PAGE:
Anti-reflective coating: An anti-reflective coating eliminates reflections in lenses that reduce contrast and brightness, especially at night. They also make the lenses nearly invisible, with no irritating glints and reflections in photographs. It is especially important in case of high-index lenses, as they cause a significant glare. People who work for long hours on screen devices are also often advised an anti-reflective coating.
UV-blocking treatment: Exposure to the sun’s harmful ultraviolet radiation has been associated with age-related eye problems including cataracts and macular degeneration. Polycarbonate and nearly all high-index plastic lenses have 100 percent UV protection built-in, but others need an added coating for UV protection.
Photochromic treatment: These lenses darken automatically in response to the sun’s UV and high-energy visible (HEV) light rays to act like sunglasses and then become clear when indoors. In case of an active outdoors lifestyle, these present an easy option.
In case you have been prescribed glasses, you can decide to have a separate pair of glasses for reading alone. If you also need glasses for distance, this can prove to be cumbersome if you keep switching between glasses all the time. In which case, bifocal lenses are an easy and economical option.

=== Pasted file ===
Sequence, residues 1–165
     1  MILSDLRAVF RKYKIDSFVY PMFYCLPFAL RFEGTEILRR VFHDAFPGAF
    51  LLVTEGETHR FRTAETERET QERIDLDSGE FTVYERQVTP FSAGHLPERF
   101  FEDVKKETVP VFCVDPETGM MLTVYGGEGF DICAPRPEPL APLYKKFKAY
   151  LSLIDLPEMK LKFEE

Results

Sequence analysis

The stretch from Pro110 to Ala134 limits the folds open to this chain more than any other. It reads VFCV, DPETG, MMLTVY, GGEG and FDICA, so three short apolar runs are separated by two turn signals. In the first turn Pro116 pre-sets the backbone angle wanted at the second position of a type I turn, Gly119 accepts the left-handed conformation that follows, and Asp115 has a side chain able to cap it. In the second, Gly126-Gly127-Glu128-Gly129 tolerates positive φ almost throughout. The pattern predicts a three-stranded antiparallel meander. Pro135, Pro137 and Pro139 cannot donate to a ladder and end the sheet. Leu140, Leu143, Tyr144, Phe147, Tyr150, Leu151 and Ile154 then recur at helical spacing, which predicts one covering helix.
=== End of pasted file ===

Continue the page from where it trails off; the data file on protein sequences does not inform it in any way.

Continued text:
Bifocal lenses offer clear distance and near vision, clearly separated by a visible line. The difference is also noticeable on the spectacles as either a straight line bisecting the glasses or more often, a sideways D, demarcating the reading area of the lenses. Bifocals also do not correct for intermediate distances, as required for computer use.
Presbyopes, who want a smoother blend between distance and near vision are therefore offered multi-focal lenses with no visible line separating the larger distance portion and the smaller near segment. These are also called progressive lenses and are significantly more expensive.
In case you do not fancy glasses, or if your refractive error is such that your doctor would prefer contact lenses for you, here is a handy guide to aid your choice, in discussion with your prescribing ophthalmologist.